Sierra Leone

Human Rights Watch Country Profiles: Sexual Orientation and Gender Identity

The following country profiles are derived in part from sections of the Human Rights Watch 2019 World Report that relate to the rights of lesbian, gay, bisexual and transgender (LGBT) people.

Focus on key populations in national HIV strategic plans in the African region

The World Health Organization (WHO) defines key populations as populations who are at higher risk for HIV irrespective of the epidemic type or local context and who face social and legal challenges that increase their vulnerability.

Acceptance of LGBT people and rights has increased around the world

New Global Acceptance Index ranks 141 countries on LGBT acceptance and legal protections and provides a link between inclusion and GDP per capita. 

African human rights body urges renewed efforts on human rights in response to HIV

On 27 January, the African Commission on Human and Peoples’ Rights (the African Commission) launched a groundbreaking report, HIV, the law and human rights in the African human rights system: key challenges and opportunities for rights-based responses.

Big step forward for human rights as Commonwealth officially accredits first LGBTI organisation

The Commonwealth Equality Network (TCEN) welcomes the decision by the Commonwealth to approve the Network for accreditation as a Commonwealth organisation.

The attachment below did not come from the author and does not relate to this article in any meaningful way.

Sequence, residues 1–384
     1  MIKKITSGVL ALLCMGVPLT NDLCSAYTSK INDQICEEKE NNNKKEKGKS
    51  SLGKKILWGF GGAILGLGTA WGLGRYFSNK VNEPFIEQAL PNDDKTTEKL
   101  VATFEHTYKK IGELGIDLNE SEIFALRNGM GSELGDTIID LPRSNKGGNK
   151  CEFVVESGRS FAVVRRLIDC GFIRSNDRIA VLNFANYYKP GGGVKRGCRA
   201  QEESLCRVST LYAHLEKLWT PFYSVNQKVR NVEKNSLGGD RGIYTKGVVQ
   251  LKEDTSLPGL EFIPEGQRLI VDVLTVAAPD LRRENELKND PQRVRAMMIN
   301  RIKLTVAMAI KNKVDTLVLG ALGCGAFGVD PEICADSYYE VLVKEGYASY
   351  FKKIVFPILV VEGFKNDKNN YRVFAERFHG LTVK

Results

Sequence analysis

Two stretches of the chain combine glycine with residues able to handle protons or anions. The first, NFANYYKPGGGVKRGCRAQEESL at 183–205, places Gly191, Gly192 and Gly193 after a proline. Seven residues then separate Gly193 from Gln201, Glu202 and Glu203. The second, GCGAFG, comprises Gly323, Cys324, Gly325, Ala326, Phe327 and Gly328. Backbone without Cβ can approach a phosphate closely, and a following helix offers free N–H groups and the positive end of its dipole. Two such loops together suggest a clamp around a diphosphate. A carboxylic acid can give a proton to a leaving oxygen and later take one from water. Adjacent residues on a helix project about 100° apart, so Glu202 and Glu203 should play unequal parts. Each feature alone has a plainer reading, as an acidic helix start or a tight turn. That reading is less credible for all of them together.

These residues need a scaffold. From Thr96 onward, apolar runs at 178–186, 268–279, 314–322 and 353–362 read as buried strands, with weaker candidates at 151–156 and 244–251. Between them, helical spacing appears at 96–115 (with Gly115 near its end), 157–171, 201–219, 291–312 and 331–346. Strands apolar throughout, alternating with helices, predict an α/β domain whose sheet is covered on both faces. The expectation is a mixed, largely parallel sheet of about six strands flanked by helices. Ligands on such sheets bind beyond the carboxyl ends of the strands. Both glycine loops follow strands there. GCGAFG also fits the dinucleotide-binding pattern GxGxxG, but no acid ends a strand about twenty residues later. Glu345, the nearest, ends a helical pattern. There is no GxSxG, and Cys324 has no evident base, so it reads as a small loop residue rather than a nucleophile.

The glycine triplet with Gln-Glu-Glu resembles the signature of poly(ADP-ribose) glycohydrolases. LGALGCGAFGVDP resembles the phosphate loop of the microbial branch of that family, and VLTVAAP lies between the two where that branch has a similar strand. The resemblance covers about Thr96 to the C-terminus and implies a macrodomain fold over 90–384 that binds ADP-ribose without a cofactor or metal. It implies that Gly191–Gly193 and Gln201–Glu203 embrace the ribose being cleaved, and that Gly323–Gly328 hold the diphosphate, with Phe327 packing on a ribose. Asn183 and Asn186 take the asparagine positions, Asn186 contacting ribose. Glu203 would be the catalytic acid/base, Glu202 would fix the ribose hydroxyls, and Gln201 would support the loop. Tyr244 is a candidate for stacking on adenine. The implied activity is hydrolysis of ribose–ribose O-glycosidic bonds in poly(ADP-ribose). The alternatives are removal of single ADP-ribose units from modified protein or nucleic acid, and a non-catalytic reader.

Niger: Resolution 376 on the Situation of Human Rights Defenders in Africa

The African Commission on Human and Peoples’ Rights, meeting at its 60th Ordinary Session held from 8 to 22 May 2017 in Niamey, Niger.

Sierra Leone: To be gay and African should not be a crime

George Reginald Freeman: In my home country of Sierra Leone, homosexuality is punishable by a minimum of 10 years in jail. My first punishment was when I was 12 and came out. I confided in my uncle. Instead of the acceptance, he beat me up and called me names: “shob am na kaka hole,” which loosely translates to “ass-fucker.” His screaming and yelling brought neighbors out of their homes. They yelled at me while my uncle went to get the police, who arrested me.

Sierra Leone is my homeland, yet I lived in constant fear of the police and officials who arrested and detained me numerous times because I am gay. Yet there are longstanding traditions of homosexuality in African history. The Mende tribe in Sierra Leone has the “sande bwake,” which means male cross-dresser. The word “mabole” means a woman who plays the role of a man and at times dresses like men, while eschewing “women’s” activities.

Even the masquerades allow cross-dressing during festivals and cultural performances. Most women who are not able to give birth are allowed to marry their fellow women for child-bearing. These women are not considered the wife to a husband, but the wife to a wife. Homosexuality is not “un-African.” We are the cradle of human life, and nothing human is alien to us. Read More

The State of LGBT Equality in Africa

Months after Uganda's Constitutional Court overturned its Anti-Homosexuality Act, which prescribed life in prison for many instances of gay sex, nearly identical legislation returned — this time in the Gambia.